It may seem flip to say Moses is reviewing the whole Torah in Deuteronomy, its final book. Some of what he tells us is even new. For certain, he is telling the people (and us) to remain diligent and faithful to God’s laws and teachings. However, in our Torah Portion this week, Parashat Ekev, it seems that Moses is speaking to the people’s stomachs as opposed to their minds and hearts. He reminds them of the manna God continued to send and then promises them much more. Just wait till you see the land of milk and honey! There will be wheat and barley and grapes and figs and pomegranates, and olives and dates! Your stomach will always be full!
Forgive me, but this list does not seem to be the most elevated posture for Moses to take. It sounds like he is stoking their hunger rather than diverting them to spiritual concerns.
In order to understand this, we need to step out of the mindset of our well-fed society. For us, the endless obsession with food seems unbecoming of a spiritual community. But for subsistence farmers in an ancient agrarian society, for whom anxiety about drought and blight was a constant companion, the vision of Moses must have been very compelling. Stick with God, and you will prosper and feed your family.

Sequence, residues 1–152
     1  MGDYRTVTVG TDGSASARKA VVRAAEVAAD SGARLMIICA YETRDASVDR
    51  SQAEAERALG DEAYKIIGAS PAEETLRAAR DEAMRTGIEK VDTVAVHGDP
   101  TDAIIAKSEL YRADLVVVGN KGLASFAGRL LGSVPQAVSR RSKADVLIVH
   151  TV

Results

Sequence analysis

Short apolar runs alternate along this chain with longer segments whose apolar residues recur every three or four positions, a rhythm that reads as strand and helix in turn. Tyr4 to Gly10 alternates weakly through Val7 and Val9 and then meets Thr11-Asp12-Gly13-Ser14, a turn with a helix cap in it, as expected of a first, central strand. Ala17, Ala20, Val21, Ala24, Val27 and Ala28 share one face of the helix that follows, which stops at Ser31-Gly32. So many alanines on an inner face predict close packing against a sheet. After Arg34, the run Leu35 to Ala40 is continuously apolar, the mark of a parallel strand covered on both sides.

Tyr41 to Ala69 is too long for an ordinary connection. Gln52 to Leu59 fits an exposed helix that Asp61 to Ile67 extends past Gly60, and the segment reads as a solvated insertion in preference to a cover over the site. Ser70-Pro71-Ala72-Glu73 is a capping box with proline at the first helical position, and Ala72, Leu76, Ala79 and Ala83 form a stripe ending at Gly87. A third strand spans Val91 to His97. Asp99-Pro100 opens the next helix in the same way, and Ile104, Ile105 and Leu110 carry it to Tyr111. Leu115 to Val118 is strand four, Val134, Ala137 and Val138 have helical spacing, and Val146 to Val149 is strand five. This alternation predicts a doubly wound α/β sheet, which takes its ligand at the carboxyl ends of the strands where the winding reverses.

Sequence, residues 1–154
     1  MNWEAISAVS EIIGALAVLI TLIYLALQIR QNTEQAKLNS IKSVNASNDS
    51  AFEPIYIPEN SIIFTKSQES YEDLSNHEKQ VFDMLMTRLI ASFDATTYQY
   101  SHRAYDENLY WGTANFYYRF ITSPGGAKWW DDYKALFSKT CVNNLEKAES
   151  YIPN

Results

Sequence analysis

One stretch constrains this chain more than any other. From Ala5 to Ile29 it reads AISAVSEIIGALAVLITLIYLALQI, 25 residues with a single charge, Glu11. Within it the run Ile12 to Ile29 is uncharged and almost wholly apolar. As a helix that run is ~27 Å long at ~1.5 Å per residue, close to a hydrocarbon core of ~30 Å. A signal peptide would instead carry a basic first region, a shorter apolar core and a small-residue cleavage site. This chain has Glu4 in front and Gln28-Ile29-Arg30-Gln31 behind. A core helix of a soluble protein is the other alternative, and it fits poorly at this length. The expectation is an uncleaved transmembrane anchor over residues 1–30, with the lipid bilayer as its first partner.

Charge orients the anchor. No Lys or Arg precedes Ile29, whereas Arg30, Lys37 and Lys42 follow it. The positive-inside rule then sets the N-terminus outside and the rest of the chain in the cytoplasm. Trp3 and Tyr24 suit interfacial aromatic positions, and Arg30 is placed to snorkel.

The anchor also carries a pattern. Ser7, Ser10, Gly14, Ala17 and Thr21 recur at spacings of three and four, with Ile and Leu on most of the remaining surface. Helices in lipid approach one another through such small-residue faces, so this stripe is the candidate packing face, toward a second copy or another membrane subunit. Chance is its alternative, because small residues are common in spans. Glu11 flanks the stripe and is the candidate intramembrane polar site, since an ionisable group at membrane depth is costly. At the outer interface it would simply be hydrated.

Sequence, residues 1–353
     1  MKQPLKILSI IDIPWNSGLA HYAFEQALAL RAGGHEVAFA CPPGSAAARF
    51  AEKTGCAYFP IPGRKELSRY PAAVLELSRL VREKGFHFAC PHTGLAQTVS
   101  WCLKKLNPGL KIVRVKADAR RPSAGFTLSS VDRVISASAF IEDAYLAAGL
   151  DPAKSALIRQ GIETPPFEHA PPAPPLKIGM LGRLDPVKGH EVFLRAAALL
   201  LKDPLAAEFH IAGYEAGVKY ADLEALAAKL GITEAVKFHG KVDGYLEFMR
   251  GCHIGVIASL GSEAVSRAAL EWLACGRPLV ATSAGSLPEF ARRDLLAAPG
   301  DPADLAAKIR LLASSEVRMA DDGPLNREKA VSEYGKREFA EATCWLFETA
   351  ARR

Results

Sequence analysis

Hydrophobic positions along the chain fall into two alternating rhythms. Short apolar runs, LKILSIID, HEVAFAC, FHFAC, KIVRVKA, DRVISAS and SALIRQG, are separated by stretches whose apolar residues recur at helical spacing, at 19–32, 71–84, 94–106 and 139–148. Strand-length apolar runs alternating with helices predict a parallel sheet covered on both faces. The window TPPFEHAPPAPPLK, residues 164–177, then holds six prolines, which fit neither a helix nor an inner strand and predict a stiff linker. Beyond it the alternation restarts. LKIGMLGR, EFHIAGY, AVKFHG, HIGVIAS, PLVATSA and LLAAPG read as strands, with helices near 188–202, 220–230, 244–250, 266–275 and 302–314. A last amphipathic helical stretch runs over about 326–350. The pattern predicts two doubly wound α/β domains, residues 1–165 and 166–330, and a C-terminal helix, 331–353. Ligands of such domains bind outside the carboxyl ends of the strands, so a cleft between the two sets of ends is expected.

But there is more depth to the Torah Moses is offering here. As we read further, we realize that he is addressing not only the poor farmer constantly on the brink of ruin, but also the wealthy farmer who has “conquered” the land. In 8:12-14 he speaks to the corrosive effects of affluence—how it breeds arrogance and disbelief. Remember from where your wealth comes.
The book of Deuteronomy focuses on thelandofIsrael, but it metaphorically addresses compellingly the affluence of Western democracies. Moses speaks simultaneously to the people’s legitimate needs for sustenance and to their spiritual need to remain faithful even when distracted by the abundance.
As the recession continues to sap much of the vitality from our economy and that of the world, we need to be cognizant of the relationship between material and spiritual aspects of life. The great Rabbi Levi Yitzhak of Berditchev taught that our neighbor’s physical needs become our spiritual obligations. In the New Year I hope that we will all make efforts to provide actual relief for people in physical need and spiritual relief for people afflicted by the corrosive effects of abundance.
Rabbi Jeffrey Abraham